Maybe I don’t have life figured out yet, but your terminal professional degree (albeit a brilliant achievement) still does not give you the right to speak like you have all of life figured out. And again, I feel like I’ve been misread. So I’ll say again. I have excelled in science in BOTH HIGH SCHOOL and 2 years of college, and I have nothing more to prove, not to myself not to anyone. 6 weeks of science may not be as good as 8 semesters of science, but let me ask you, how many graduating seniors remember the non-major related science stuff they studied during their entire freshman year? Have you even tried to consider amount of unnecessary science packed into those 8 semesters? If 8 semester of science are a sufficient preparation, why are MCAT prep classes so popular? My point is, 6 weeks of med school-relevant science can be more effective than 8 semesters of stress, anxiety and competition.

      Given you’ve never been to med school yourself, how come you know so much about what it takes to succeed in med school and be a good doctor? Again what do I know, maybe your degree bestowed this knowledge upon you, or maybe it;s the fact that you’re legal and with alcohol comes all wisdom… why would you even try to bring that up?

    • bridget

      Did you actually ask a member of the general public why she cares about whether or not doctors are competent?

      Please rethink that one. If you need a hint, it’s because the licensing and training of doctors is for the good of the general public who puts their very LIVES into the hands of physicians.

      On a side note, please tell me that this is not indicative of what your bedside manner would be like – demeaning, hypersensitive, caring more about yourself than about the patient.

  3. FlexMed Student

    This author left out one fundamental point – most undergraduates who flunk out of the pre med track do so because of organic chemistry and the like, and that has nothing to do with whether or not a medical profession is for them. In terms of decision-making, will it not be more empowering to turn down a medical school rather than flunk out because u were unable to meet the requirements? And what was that about grade inflation? Do traditional applicants not inflate their grades too? Frankly you need to do more research before writing articles like this because I might still be an undergraduate but anyone can smell this kind of immaturity and unpreparedness from miles away (because it’s usually a survival strategy in the face of encroaching deadlines). Not to mention you accusing the school of “passing these students”… Wow, I’m gonna let that lie.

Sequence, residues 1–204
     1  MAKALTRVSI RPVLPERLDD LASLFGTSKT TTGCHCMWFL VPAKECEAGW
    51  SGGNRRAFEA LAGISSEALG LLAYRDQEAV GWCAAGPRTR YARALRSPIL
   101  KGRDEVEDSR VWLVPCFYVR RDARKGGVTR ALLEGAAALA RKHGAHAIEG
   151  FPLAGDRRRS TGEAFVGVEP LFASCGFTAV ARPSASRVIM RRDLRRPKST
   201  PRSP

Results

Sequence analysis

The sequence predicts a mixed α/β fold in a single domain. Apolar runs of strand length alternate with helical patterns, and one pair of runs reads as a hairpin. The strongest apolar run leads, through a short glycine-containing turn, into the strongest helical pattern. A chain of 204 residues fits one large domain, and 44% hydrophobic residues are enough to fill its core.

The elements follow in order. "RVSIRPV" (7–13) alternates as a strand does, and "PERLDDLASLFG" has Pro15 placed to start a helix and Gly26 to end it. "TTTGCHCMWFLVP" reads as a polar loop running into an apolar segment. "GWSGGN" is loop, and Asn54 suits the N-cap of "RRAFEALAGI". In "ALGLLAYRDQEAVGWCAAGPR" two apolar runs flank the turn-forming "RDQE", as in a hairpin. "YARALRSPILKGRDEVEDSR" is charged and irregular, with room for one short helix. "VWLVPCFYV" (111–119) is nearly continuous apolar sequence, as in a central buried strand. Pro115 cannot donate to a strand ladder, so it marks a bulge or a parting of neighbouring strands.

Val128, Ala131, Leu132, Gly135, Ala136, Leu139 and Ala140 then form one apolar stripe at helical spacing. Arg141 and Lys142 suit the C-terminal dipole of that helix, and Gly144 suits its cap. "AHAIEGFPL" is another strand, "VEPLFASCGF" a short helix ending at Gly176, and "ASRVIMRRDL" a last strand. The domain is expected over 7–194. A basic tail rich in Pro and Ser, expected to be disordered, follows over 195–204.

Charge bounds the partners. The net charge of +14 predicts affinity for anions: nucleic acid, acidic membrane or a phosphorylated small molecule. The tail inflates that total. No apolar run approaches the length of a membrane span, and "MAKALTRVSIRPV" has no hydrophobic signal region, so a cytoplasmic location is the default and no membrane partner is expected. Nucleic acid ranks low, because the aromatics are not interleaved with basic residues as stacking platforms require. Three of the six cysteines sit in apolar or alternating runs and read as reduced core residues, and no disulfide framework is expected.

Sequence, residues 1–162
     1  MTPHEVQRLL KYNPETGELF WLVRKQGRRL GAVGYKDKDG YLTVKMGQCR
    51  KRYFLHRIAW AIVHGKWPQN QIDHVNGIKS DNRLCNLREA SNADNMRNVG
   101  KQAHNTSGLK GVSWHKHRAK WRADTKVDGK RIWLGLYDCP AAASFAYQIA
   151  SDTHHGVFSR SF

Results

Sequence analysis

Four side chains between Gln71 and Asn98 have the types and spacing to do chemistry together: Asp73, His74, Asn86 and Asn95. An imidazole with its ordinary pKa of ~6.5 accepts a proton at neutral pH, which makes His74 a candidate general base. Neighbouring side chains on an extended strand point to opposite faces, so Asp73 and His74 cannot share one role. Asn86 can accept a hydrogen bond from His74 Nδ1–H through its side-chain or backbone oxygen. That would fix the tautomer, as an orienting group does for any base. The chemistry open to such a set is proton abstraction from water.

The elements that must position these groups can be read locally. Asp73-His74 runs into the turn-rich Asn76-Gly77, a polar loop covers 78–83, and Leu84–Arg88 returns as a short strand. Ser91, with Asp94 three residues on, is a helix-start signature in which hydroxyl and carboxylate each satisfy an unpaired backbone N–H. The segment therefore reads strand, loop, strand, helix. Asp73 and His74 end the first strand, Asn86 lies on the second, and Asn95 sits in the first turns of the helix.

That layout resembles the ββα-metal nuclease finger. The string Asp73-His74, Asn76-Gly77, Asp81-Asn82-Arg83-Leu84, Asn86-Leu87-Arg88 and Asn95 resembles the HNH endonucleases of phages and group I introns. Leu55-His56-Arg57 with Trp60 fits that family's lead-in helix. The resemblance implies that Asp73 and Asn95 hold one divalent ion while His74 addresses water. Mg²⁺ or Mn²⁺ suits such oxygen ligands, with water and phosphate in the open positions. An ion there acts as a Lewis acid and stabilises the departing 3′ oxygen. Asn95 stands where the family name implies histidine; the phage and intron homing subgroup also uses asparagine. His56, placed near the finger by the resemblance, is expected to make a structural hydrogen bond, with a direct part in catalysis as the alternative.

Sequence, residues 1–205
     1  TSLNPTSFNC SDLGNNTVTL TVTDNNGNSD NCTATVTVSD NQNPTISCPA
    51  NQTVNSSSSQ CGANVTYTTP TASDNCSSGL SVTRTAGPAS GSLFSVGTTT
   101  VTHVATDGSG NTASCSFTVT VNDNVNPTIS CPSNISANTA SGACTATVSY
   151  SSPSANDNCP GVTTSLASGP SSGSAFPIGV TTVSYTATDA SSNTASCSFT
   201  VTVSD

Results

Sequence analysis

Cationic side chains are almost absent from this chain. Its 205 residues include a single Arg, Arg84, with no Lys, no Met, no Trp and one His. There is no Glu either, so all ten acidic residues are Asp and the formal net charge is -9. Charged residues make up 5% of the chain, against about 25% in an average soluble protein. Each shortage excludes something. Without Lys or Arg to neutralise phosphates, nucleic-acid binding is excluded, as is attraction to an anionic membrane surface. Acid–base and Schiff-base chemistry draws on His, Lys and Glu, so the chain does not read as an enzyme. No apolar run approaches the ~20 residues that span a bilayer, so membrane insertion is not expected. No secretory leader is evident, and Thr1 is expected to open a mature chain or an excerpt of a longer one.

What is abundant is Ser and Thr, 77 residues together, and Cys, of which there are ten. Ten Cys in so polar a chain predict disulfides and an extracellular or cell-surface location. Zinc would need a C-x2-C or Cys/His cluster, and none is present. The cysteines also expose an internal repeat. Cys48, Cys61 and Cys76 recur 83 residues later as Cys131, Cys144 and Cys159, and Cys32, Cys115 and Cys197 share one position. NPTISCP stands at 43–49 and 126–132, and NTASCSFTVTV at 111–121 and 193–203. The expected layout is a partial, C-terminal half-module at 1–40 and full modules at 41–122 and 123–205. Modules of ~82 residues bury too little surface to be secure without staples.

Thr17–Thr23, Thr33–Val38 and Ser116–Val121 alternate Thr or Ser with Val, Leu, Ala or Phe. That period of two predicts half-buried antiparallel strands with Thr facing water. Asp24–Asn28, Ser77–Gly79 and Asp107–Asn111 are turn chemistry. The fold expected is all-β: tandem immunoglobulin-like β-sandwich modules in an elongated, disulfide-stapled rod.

• bridget

      If you are taking someone’s life into your hands, you have a lot to prove. Period, end of story.

      Stop taking it personally and ask yourself what kind of doctors you want to have. My guess is that you have never fallen seriously ill; otherwise, you would be on board with getting the best doctors possible, rather than making potential doctors happy.

  4. bridget

    Just for fun:

    “If 8 semester of science are a sufficient preparation, why are MCAT prep classes so popular? ”

    Because the MCAT is meant as a supplement to, and not a substitute for, rigorous college science courses. It enables a medical school to evaluate a student from Cornell against a student from East Podunk U: they are graded in the same scale.

    MCAT courses also teach people to take tests; a lot of test prep is leaning about the test, not the content. While MCAT courses are particularly content-heavy, they are meant as a refresher for what has already been learned, not a first run-through of it.

    As a final thought: the value of a class like organic chemistry is that it makes you work your butt off for a year straight. Most students at my alma mater studied orgo for three hours a night, every night, and then went into hibernation mode during tests. It’s a baby version of medical school.

    • PremedStudent

      You have valid concerns about the program but there are a few things I’d like to point out. The program requires 1 year of chemistry, biology, and a semester of Physics, a course in Statistics, and then courses in Ethics and Health Policy. Students who apply are ending their sophomore year and many of them have already finished Organic Chemistry (year-long) with lab. In addition, all students who are accepted must go through a summer course program at Mt. Sinai that teaches you Cell Physiology, Biochemistry, Anatomy, and all other essential upper-level science.
      In addition, the program is extremely competitive. The type of students accepted have 3.8+ GPAs, majority of students are from Ivy league or top 30 schools, and have significant shadowing, research, and extracurricular resumes.
      Separate point: You seem convinced that students MUST go through this rigorous undergrad education to make it to medical school but that ignores the statistics that Australian, British, Indian, and other countries’ doctors outperform or at least are equal to ours and go straight to a medical school system after high school.

      If you google this topic, there are a plethora of article about this.

      PS. I want to say that I fully respect your background as an engineer and attorney and I simply bring these points up to enrich the discussion.